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Hartmarx and beyond

July 8th, 2009  |  Connie Eyer

>Hart Schaffner Marx, an Illinois-based maker of men’s apparel that boasts President Obama as one of its regular customers, recently averted liquidation after it was purchased by Emerisque, a London-based private equity firm. Hartmarx employs nearly 4,000 people nationwide. Here is a look back at the struggle displayed by its workers and supporters over the last six months:

January 2009: Only a few days after President Obama wore one of their suits to his inauguration, Hartmarx, Inc. declared bankruptcy, citing lower borrowing capacity under Wells Fargo, a senior creditor.

May 2009: By early May, Hartmarx had attracted three potential buyers, two of which, it was reported, intended to keep the company intact. Rumors flew, however, that Wells Fargo, which was a recipient of federal bailout funds, was leaning towards a third buyer that favored liquidation. This threat, however, was enough to galvanize workers, supporters, union leaders and federal lawmakers to put a little pressure on Wells Fargo. Two Congressional members at the forefront of this fight, Rep. Phil Hare (D-Ill), who spent 13 years in the employ of Hartmarx, and Rep. Jan Schakowsky (D-Ill), whose great-aunt also worked at the company, urged the bank to keep the company afloat.

During a few days in May, rallies featured labor leaders and workers, along with Rep. Hare and Illinois Treasurer Alex Giannoulias, who threatened to cut off the State of Illinois’ $8 billion in business with Wells Fargo if the company proceeded with liquidation plans. The Hartmarx workforce, in a page taken from that of the Chicago-based Republic Windows and Doors, whose employees staged a successful sit-in to secure the 60 days’ severance and unused vacation days they were lawfully owed, voted to occupy the plant if liquidation were the outcome.

On May 20, Emerisque resubmitted a substantial offer to purchase the company. Choosing not to take this for granted, the next move included a letter to Treasury Secretary Timothy Geithner, written by Schakowsky and Hare and signed by over 40 members of Congress, stressing that the liquidation of Hartmarx should not be an option. “Given the fact that American taxpayers have provided Wells Fargo/Wachovia with $25 billion,” the letter read, “we find it incomprehensible that it would continue to push for the loss of jobs in a viable company.”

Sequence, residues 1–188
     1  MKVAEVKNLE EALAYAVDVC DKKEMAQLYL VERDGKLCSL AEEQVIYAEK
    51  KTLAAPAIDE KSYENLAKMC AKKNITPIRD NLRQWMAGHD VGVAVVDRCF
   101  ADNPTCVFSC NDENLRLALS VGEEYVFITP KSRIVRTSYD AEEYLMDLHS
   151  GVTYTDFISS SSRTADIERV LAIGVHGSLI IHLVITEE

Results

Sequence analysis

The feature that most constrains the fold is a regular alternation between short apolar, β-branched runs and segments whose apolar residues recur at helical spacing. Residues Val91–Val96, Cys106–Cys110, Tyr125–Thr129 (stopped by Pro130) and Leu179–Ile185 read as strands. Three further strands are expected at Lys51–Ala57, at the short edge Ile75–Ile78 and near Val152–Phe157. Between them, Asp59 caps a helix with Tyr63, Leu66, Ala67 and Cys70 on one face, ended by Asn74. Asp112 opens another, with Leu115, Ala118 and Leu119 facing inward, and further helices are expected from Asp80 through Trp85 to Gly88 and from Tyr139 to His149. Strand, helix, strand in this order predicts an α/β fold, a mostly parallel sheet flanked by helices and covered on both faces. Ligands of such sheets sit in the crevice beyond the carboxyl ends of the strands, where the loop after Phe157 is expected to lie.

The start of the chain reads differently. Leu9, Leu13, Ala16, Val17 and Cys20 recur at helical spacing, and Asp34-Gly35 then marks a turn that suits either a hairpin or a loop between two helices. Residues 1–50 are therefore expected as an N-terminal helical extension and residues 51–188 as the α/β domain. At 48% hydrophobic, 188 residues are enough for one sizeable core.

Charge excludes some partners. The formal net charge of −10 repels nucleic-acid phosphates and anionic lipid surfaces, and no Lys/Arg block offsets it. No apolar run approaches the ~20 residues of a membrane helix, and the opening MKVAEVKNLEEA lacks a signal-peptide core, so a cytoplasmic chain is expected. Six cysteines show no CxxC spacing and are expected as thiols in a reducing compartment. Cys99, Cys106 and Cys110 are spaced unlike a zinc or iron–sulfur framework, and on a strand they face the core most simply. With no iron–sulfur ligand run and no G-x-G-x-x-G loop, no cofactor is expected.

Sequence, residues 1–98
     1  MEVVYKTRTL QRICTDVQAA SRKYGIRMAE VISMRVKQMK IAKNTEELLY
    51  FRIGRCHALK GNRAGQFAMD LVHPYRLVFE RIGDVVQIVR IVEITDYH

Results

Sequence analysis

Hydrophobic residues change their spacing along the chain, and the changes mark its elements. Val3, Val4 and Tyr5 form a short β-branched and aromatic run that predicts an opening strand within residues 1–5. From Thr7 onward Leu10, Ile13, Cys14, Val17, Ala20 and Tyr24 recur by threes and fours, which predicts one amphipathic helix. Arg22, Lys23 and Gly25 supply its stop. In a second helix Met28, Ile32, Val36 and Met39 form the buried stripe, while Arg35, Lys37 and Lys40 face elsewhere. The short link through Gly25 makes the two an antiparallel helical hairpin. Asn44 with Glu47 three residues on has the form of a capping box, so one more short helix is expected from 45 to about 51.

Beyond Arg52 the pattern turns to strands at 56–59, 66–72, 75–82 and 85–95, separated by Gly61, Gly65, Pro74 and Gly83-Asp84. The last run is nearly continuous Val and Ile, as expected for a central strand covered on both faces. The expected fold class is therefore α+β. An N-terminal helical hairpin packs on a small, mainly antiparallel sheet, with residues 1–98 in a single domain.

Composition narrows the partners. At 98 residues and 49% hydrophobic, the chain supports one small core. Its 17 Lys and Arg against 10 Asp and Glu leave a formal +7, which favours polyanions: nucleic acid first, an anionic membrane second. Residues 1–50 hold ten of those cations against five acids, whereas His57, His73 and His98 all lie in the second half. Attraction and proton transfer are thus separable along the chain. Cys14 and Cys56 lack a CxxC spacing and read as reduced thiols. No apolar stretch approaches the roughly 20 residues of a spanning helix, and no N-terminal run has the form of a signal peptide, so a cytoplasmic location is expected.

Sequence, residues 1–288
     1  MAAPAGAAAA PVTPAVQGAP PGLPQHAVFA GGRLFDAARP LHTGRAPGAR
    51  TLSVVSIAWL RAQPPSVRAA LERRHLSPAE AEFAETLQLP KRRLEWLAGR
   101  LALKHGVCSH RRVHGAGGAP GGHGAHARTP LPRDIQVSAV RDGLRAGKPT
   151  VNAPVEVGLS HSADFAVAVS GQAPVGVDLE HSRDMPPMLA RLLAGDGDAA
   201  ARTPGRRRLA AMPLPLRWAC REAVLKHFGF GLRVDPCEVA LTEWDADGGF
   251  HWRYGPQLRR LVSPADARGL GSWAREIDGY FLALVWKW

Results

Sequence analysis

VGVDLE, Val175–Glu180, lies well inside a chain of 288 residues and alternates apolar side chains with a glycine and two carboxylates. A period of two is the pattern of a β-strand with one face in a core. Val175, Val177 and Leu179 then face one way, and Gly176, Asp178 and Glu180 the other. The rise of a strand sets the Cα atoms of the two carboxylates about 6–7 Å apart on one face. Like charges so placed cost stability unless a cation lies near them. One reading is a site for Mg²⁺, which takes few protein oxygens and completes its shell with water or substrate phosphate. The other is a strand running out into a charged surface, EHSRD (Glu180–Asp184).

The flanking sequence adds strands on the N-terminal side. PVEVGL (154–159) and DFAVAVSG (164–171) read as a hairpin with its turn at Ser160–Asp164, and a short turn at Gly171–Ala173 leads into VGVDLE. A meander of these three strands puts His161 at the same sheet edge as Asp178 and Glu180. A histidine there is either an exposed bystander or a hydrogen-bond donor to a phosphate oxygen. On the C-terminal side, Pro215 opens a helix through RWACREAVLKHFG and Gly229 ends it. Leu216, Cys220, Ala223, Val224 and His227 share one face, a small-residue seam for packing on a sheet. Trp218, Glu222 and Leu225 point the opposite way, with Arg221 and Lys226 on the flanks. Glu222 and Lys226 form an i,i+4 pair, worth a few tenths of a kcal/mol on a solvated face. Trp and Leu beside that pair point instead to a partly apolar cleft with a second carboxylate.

Wells Fargo released a statement May 29 opposing the bid by Emerisque, contending that the company “has committed to sell Hartmarx factories in Rock Island, Ill., and Cape Girardeau, Mo., and its distribution centers in Easton, Penn., and Rector, Ark., all within three months of the acquisition.” Emerisque disputed the bank’s claim, noting that “the only factual component of the Wells Fargo statement today is that they believe they should realize a higher cash return on their claim.”

June 2009: Talks, however, continued, and a resolution was finally reached whereby Emerisque revised its cash offering from a numerical amount to a percentage of the debtor-in-possession financing provided by the lending group to keep Hartmarx operating during the bankruptcy process.

When the approval of Emerisque was finally announced on June 26, Rep. Hare noted that “today’s approval of Emerisque’s bid to buy Hart Schaffner Marx and the cooperation by Wells Fargo is good news for nearly 4,000 workers, their families, and our economy. It is proof positive that the voices of America’s working men and women still do matter, even in an era of unprecedented greed.”

Related worker uprising news: In the wake of Hartmarx’s victory, the focus now moves to Moline, Illinois, where Wells Fargo has cut off credit to the Quad City Die Casting factory. Workers at the plant, who are members of the same union that occupied Republic Windows and Doors last year, are calling for Wells Fargo to keep the plant open. As of yet, the bank has refused to even sit down with the union and negotiate.

Stay tuned.